Re: Caching data returned from POST, and conditional POST

Shel Kaphan writes
>So far, the only conditional allowed in HTTP is GET with
>if-modified-since.  Perhaps you're referring to the fact that in
>response to BACK and FORWARD commands, Netscape allows the user to OK
>a new send of a POST when it no longer has the data (or when it has
>expired, which is against the rules in the spec, by the way).  Please
>take a look at the description of the Expires header in the spec.
>There's a short disclaimer about interactions with browser history

What Netscape sends is:-

POST /KSS.acgi/WebGrid/Main.k HTTP/1.0
If-Modified-Since: Sunday, 31-Dec-95 17:13:19 GMT; length=3813
Connection: Keep-Alive
User-Agent: Mozilla/2.0b4 (Macintosh; I; PPC)
Pragma: no-cache
Accept: image/gif, image/x-xbitmap, image/jpeg, image/pjpeg, */*
Accept-Language: en
Content-type: application/x-www-form-urlencoded
Content-length: 3181


Since this is a POST with an "If-Modified-Since:" field I am calling it
a conditional POST. If you interpret it as something else then I'd be
interested to know your reasoning.

As I noted previously, conditional POSTs make the same sense as conditional
GETs so there is nothing wrong with what Nescape is doing. It does not
conform with the specification but it is the spec that is wrong in making
inessential differences between GETs and POSTs.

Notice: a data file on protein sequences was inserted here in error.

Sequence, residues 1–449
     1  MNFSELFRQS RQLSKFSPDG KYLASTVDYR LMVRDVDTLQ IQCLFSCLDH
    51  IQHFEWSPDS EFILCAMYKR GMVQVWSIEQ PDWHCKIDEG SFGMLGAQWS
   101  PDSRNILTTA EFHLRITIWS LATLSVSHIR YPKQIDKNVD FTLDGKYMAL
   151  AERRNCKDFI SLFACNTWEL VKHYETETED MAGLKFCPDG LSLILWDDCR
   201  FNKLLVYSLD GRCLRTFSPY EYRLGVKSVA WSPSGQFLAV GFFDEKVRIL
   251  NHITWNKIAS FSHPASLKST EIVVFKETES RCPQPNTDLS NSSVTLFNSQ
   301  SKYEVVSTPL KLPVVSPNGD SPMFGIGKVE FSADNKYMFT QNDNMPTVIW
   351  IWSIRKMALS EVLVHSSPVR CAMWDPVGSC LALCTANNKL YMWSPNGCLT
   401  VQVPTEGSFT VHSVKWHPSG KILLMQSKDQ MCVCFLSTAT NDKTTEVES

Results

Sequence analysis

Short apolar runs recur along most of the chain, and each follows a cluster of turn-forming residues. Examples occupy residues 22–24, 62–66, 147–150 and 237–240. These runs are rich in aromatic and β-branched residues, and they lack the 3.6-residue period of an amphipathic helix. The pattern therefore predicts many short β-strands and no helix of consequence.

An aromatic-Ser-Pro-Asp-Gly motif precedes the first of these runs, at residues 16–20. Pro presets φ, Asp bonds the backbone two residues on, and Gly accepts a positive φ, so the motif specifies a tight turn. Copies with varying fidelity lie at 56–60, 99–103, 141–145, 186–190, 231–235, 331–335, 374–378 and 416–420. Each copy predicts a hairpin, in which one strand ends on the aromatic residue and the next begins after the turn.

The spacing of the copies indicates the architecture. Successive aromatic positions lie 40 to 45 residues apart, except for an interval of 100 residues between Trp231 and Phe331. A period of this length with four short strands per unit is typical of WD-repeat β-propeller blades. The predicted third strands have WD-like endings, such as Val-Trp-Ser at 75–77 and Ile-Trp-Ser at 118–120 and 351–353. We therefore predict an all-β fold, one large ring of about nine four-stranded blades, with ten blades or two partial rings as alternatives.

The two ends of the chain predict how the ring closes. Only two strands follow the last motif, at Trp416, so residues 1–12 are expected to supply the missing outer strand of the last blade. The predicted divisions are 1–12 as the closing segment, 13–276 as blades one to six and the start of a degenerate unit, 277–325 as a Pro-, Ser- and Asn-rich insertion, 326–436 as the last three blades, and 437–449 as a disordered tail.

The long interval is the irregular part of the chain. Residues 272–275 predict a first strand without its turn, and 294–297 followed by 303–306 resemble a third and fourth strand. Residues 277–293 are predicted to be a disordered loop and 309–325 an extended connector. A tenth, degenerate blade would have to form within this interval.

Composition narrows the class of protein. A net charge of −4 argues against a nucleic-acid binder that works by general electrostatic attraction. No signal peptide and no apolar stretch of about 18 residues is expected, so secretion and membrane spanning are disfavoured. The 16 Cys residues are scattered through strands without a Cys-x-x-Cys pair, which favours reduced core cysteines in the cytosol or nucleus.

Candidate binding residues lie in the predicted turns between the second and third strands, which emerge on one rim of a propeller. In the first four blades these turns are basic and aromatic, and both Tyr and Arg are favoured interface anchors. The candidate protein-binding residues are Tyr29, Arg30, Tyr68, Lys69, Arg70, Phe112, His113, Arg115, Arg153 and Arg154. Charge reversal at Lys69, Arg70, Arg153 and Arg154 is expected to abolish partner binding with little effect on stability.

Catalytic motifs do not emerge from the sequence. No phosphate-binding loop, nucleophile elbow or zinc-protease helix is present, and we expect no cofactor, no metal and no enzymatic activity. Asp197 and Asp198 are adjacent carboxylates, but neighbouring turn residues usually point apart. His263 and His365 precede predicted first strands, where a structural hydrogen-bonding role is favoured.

>Sorry, but most users do *not* equate the BACK button with "undo", and
>in fact, most naive users don't know there's a difference between a
>link that says "go back" and using the browser's BACK button, and to
>the extent it is possible to preserve the lack of requirement for
>users to know how these things work, I think it should be preserved.

Your sequence of statements seem conflicting. Naive users are totally
unaware of the existence of "Undo" precisely because they just click
on "Back" and things are naturally undone. We have undertaken
usability studies of the web and users do definitely use the "Back" button
as an "undo" without any specific instructions to do so. It gives them a
great sense of security to know that they can just back out of a transaction.
As you say, they just jump back to a past state and they assume the world
is no in that state.

It is up to the system designer to program the server to manage this
situation effectively. All partial transactions are intrinsically undoable
prior to committment, and even committed transactions can usually be undone
unless the system spec makes it impossible.


Dr Brian R Gaines               Knowledge Science Institute
                                University of Calgary         Calgary, Alberta, Canada T2N 1N4
403-220-5901  Fax:403-284-4707

Received on Sunday, 31 December 1995 16:35:28 UTC